Booker Drops Out of 2020 Presidential Race

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New Jersey Sen. Cory Booker on Monday suspended his campaign for the Democratic presidential nomination after failing to gain traction and the financial resources 

“It was a difficult decision to make, but I got in this race to win, and I’ve always said I wouldn’t continue if there was no longer a path to victory,” Booker said in an email to supporters.

“Our campaign has reached the point where we need more money to scale up and continue building a campaign that can win — money we don’t have, and money that is harder to raise because I won’t be on the next debate stage and because the urgent business of impeachment will rightly be keeping me in Washington.”

His exit from the race comes just a day before the Democratic field meets for another debate in Iowa. Despite participating in earlier debates, Booker struggled to gain much popular support. Most polls throughout the primary race never had him registering more than 2 to 3% in support, although the 50-year-old had met the polling and donor thresholds for the Democratic primary debates through October.

Booker’s campaign first acknowledged in September that it was falling behind in fundraising and urged supporters to donate in order to keep the New Jersey senator in the running.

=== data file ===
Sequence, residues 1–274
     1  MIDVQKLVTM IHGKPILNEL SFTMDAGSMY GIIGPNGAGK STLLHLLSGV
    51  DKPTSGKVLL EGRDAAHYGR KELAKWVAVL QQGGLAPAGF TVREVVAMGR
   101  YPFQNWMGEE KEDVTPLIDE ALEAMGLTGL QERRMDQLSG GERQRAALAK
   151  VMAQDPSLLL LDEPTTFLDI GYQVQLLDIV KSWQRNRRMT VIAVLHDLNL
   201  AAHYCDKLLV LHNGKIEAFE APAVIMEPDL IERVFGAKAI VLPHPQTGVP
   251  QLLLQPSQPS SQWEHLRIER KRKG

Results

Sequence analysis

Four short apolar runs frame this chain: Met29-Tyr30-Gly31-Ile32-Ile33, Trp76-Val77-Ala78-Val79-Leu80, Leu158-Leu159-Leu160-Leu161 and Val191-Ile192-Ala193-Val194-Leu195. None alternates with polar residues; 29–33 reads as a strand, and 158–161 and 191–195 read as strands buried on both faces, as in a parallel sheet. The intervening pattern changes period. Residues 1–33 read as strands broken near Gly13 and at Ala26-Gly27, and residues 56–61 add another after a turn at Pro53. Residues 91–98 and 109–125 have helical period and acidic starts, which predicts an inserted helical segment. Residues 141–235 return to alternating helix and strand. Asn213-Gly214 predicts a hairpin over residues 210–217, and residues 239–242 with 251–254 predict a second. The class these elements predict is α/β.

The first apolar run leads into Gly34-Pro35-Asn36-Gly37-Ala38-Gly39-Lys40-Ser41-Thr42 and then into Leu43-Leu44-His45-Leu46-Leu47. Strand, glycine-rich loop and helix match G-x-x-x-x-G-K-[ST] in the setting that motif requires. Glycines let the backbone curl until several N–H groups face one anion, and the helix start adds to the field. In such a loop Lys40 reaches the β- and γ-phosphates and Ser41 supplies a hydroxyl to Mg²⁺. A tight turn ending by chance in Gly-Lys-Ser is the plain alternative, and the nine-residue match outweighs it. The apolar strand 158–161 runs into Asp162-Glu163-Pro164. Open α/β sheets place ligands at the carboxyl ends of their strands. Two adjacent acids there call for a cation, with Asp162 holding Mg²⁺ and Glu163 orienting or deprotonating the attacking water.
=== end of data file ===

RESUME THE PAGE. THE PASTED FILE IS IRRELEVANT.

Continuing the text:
He raised $6.6 million in the fourth quarter of 2019, putting him well behind most of his competitors for the Democratic nomination.

Booker has expressed concern for months about the waning diversity in the Democratic presidential field, especially as candidates of color, like Sen. Kamala Harris (D-CA) and former Housing and Urban Development Secretary Julián Castro, dropped out of the race.

“Of all of the people who’ve qualified for the next Democratic debate stage, not one is a person of color,” Booker wrote in an email to supporters a couple of days ago. “For a party as diverse as ours, in an election where communities of color will decide the outcome, that’s wrong.”

In a video on Monday, Booker pledged to “everything in my power to elect the eventual Democratic nominee for president,” as well as other candidates down the ballot, though he did not hint at whom he would back in the primary race.

“I can’t wait to get back on the campaign trail and campaign as hard as I can for whoever is the eventual nominee and for candidates up and down the ballot,” Booker said.

Booker’s withdrawal from the race comes just weeks away from his campaign’s one-year anniversary. He originally announced he was running for president on February 1, 2019.

President Trump reacted to the news by mocking Booker’s candidacy.